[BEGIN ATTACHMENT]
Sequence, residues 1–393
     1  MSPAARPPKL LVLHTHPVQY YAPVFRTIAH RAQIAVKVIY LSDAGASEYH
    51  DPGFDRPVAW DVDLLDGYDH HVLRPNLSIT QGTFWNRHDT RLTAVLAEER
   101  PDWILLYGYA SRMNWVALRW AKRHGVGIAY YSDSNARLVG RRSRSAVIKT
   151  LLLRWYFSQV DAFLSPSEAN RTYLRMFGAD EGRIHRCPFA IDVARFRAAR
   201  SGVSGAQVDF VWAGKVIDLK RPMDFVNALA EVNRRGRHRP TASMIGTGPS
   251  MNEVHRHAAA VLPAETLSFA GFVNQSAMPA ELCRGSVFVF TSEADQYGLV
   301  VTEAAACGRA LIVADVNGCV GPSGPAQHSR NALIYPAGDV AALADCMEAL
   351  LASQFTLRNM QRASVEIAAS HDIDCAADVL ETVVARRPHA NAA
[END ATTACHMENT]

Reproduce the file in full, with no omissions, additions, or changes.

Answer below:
Sequence, residues 1–393
     1  MSPAARPPKL LVLHTHPVQY YAPVFRTIAH RAQIAVKVIY LSDAGASEYH
    51  DPGFDRPVAW DVDLLDGYDH HVLRPNLSIT QGTFWNRHDT RLTAVLAEER
   101  PDWILLYGYA SRMNWVALRW AKRHGVGIAY YSDSNARLVG RRSRSAVIKT
   151  LLLRWYFSQV DAFLSPSEAN RTYLRMFGAD EGRIHRCPFA IDVARFRAAR
   201  SGVSGAQVDF VWAGKVIDLK RPMDFVNALA EVNRRGRHRP TASMIGTGPS
   251  MNEVHRHAAA VLPAETLSFA GFVNQSAMPA ELCRGSVFVF TSEADQYGLV
   301  VTEAAACGRA LIVADVNGCV GPSGPAQHSR NALIYPAGDV AALADCMEAL
   351  LASQFTLRNM QRASVEIAAS HDIDCAADVL ETVVARRPHA NAA